Here are some of the terms you'll need to be familiar with when speaking to your energy provider or comparing your current provider with others:

  • FIXED TERM CONTRACT (OR FIXED TERM) - A contract where you are locked in for a certain amount of time.
  • HARDSHIP PROGRAM - A program which helps customers who are having trouble paying their home energy bills. All energy retailers must have a customer hardship program.
  • STANDING OFFER / STANDARD OFFER / DEFAULT PRICE - A basic plan for electricity and gas, with no special discounts.
  • MARKET OFFER / MARKET CONTRACT - Plans featuring a different, often discounted rate to a standard/standing/default offer. (For example, you may be eligible for a discount when you bundle your electricity and gas.)
  • TARIFF - The price you pay for electricity or gas on your energy plan. Tariffs include a:
    • Supply charge – the cost to supply electricity or gas to your home or business.
    • Usage charge – the amount of electricity or gas you use.
    • Solar feed-in tariff – if you have solar panels, the amount you get paid for the electricity they make.
  • TIME OF USE TARIFFS (OR PEAK, OFF-PEAK AND SHOULDER TARIFFS) - A tariff where you are charged different rates for electricity and gas usage depending on the time of day. (For example, rates are higher during peak times which are usually in the evenings from Monday to Friday. Rates are lowest during Off-peak times, which are usually overnight and on Saturday and Sunday.)
  • KILOWATT HOURS - A kilowatt hour (kWh) is a measure of energy. It shows you how many thousand watts you use in an hour. (For example, using a 1000 watt air conditioner for one hour would use 1kWh of electricity. A 100 watt light bulb, on the other hand, would take 10 hours to use 1kWh.)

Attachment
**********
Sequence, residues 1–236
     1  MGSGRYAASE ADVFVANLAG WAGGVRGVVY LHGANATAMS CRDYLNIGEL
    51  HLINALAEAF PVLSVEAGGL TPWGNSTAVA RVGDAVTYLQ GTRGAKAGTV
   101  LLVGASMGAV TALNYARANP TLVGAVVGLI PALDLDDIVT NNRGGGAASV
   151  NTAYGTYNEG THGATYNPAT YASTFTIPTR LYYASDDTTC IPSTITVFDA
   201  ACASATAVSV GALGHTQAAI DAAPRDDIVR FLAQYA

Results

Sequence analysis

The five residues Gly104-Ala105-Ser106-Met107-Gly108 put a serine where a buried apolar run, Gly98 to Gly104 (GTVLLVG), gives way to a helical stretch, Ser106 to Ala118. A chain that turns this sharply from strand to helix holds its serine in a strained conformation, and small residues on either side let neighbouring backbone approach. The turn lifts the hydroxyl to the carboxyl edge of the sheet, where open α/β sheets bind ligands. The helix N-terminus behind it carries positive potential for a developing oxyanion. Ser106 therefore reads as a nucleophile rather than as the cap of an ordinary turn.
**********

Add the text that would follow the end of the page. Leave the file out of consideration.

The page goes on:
Other tips for reducing your energy bill.

woman-on-her-phone
Jump online and compare deals from different energy providers. It's worth it. Image: Getty.
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Aside from calling and asking for a better deal with your energy provider, here are some other tips to give you the best chance of shaving dollars off your electricity bill:

  • Go to energymadeeasy.gov.au for help comparing energy plans - – it’s a free government website and they won’t hassle you with annoying phone calls! It helps to know what offers you can get before calling your current provider or who you could switch to if they can’t offer lower prices.
  • Read the fine print: Some energy providers offer a big discount if you pay your bills on time - sounds great, but they can also slug you with higher prices and a big fee if you don't, so make sure you can feasibly pay on time - every time - before accepting that offer.
  • Call often - speak to your energy provider every year to see if there is a better offer for you.
  • Call when your circumstances change - if you're moving house or starting a new business, ask for a better deal.

At the end of the day, the age old saying rings true when it comes to saving money on your energy bills. If you don't ask, you won't receive.

So just ask, OK?

For more tips on making the call, visit PoweringForward.energy.gov.au. If you need help comparing energy plans and understanding your bills, go to energymadeeasy.gov.au.

Want to help make Australia a better place for women and girls? Take our survey now to help.

MMSurvey
Department of Environment and Energy: Powering Forward

Call your energy provider today to get a better deal. For tips on making the call, visit PoweringForward.energy.gov.au